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PostPosted: Tue Sep 15, 2015 8:53 pm 
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What I mean by “Future response” cases are cases that pass a plan with premonitions that something will happen in the future or they wait until something happens in the future to take effect.

I hit two of these cases at Nationals and ran one during the practice tournament season last year. Examples would be:
Case: “The United States will recognize Kurdistan when the Kurds recognize themselves.”
Case: “The United States will pass a Mutual Defense Treaty with Israel when Israel agrees to do so.”
Case: “The United States will create a back-up base for the 5th fleet so that we have contingency plans if we get kicked out of our current base.”

To me, most (but not all) of these cases tend to take much of their force from a little fear-mongering (yes, I ran 5th fleet, so I’m guilty of that).

The problem that I see with the cases in a debate-theory realm is that Aff cases are supposed to fix problems with the status quo, right? However, the Aff is making the argument that we should change our policy based off of a hypothetical situation that could happen. However, the Status Quo necessarily has to change before the Aff’s plan can be passed (Kurds have to recognize themselves, Israel has to agree to an MDT, and the 5th fleet has to get kicked out).

This seems like it is a power that could be easily abused. When we hit recognize Kurdistan (when the Kurds do it themselves) we ran several arguments relating to how all those problems won’t be around by the time the Kurds actually declare their own independence, etc, etc. So the Affirmative team basically used it as a back-door to spike our disadvantages.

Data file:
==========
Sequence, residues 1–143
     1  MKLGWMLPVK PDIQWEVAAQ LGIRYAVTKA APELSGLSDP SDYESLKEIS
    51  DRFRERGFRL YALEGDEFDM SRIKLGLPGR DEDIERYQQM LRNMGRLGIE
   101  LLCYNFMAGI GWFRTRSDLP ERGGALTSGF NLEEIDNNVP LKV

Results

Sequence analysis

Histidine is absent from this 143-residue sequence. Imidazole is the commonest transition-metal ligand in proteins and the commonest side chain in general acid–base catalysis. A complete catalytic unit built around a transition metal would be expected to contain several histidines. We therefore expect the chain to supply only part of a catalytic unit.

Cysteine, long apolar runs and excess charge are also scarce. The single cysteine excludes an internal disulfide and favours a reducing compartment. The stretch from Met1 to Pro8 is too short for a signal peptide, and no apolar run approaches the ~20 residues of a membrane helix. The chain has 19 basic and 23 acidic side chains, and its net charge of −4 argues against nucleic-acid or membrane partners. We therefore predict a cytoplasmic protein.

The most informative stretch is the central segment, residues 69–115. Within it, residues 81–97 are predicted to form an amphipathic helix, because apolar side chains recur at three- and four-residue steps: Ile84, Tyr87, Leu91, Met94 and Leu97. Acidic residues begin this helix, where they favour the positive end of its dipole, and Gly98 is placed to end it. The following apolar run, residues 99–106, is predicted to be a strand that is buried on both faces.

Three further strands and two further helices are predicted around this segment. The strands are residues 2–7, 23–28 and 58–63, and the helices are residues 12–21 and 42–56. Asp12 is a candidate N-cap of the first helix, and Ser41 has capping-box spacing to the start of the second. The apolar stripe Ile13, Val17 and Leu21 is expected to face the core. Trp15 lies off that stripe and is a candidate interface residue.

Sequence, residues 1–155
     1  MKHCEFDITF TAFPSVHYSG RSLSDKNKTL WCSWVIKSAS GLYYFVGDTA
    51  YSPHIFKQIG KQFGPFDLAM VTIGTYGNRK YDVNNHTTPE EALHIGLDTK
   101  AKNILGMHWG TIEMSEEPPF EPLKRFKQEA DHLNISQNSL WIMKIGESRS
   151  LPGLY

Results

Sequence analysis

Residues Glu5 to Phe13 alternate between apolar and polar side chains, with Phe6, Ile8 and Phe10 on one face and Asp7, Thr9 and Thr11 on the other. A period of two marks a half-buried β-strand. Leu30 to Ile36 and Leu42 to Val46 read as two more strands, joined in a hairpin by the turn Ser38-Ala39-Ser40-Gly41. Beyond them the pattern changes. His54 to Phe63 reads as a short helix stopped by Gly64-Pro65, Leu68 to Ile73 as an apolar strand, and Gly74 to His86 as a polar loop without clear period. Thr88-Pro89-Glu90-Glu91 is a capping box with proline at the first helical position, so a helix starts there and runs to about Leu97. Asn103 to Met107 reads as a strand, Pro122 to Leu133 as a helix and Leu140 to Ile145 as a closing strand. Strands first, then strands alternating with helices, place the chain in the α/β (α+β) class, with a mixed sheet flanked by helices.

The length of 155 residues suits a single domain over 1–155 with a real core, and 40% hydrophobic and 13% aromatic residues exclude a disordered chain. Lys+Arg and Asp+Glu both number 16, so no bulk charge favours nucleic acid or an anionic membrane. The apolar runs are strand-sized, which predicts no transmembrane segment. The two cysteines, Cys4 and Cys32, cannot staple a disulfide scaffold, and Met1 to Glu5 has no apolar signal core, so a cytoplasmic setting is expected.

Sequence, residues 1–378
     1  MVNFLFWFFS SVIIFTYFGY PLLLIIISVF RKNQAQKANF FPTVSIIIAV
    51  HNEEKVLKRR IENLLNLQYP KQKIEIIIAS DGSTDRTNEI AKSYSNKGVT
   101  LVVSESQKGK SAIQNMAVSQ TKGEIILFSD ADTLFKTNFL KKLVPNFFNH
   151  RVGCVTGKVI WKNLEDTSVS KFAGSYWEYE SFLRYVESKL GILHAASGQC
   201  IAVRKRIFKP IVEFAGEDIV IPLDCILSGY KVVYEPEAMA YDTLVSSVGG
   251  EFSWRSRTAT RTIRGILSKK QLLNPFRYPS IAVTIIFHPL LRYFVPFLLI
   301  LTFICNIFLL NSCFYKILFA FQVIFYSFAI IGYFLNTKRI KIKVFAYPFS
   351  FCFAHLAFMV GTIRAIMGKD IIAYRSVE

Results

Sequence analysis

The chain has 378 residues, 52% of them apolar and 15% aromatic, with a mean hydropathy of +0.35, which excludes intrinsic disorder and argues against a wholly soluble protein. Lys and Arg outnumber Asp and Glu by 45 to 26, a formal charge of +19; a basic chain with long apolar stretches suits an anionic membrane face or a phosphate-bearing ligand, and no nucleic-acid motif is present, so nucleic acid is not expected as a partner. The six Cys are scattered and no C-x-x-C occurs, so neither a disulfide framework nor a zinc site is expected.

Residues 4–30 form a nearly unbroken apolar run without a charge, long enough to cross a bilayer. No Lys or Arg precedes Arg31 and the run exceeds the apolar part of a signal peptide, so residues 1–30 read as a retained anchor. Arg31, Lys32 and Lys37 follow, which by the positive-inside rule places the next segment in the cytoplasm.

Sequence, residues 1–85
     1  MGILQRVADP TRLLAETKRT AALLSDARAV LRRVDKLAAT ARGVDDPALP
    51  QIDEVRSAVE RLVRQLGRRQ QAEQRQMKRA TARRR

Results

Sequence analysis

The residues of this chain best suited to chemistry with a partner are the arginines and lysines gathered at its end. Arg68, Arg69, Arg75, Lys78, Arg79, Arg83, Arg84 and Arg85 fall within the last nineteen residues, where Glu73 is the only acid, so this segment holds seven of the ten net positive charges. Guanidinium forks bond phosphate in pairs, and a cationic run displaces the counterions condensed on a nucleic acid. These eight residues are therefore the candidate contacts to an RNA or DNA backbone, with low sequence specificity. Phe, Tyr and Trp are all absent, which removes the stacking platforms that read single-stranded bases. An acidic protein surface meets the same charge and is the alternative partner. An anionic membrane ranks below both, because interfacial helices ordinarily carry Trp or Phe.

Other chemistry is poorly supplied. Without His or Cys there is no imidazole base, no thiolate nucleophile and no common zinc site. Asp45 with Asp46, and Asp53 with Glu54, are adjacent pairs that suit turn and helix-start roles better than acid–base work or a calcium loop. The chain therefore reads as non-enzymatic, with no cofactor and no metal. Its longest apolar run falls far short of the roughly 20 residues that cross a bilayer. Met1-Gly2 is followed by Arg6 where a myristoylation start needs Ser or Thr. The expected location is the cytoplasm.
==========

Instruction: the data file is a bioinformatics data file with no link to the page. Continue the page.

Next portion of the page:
To put it more simply: Aff is not identifying a problem with the Status quo (an inherent issue), but rather a hypothetical situation. Neg is no longer defending the status quo, but rather saying that the hypothetical situation the Aff mentions can’t or won’t take place.

Do “Future Response” cases make sense? Are they legitimate theoretically? Also, how would you defeat them in a debate round? (in our last round against such a case I used the above analysis, not sure if that’s the best way though)

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PostPosted: Mon Sep 28, 2015 3:18 am 
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Do “Future Response” cases make sense? Are they legitimate theoretically?


Resolutions are typically worded that the [Actor] should reform policy on the [topic]. That would be in the present tense. So the only “future response” case I would view as legit would be when the lack of a plan for the future is a policy problem in the present.

To take the 5th fleet example, if your case proved:
1) There’s a significant possibility we may get kicked out of our current base
2) We don’t currently have a back-up base or contingency plan
3) If we were kicked out (without a back-up base already developed) we wouldn’t have time to respond and so XYZ bad things would happen…

In that case I think you would have a legit position, assuming of course that the plan was a good one and cost/benefits worked out. A policy is a plan or course of action. We can make a plan in the present that applies to a possibility in the future. I do think though that if someone runs such a case their harms shouldn’t be “the bad things that might happen in the future”. Their harms and advantages should be a risk calculus of the possible future problems with a plan vs. the possible future problems without a plan.

The other two examples you mentioned don’t really sound legit. In the event that Kurdistan declares independence or Israel asks for a treaty, we would be perfectly capable of responding in the future - so the lack of a plan for the future is not really a policy problem in the present. Unless the team running that case could prove that a US plan to recognize Kurdistan would cause the Kurds to declare independence, or cause Israel to ask for the treaty.

Quote:
Also, how would you defeat them in a debate round?


How do you defeat a topical counterplan? You can argue theory, and in some cases that may be worthwhile. But you should always be able to argue against the policy (claim we shouldn't recognize the Kurds, for example).


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PostPosted: Mon Sep 28, 2015 3:31 am 
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Voice of Reason wrote: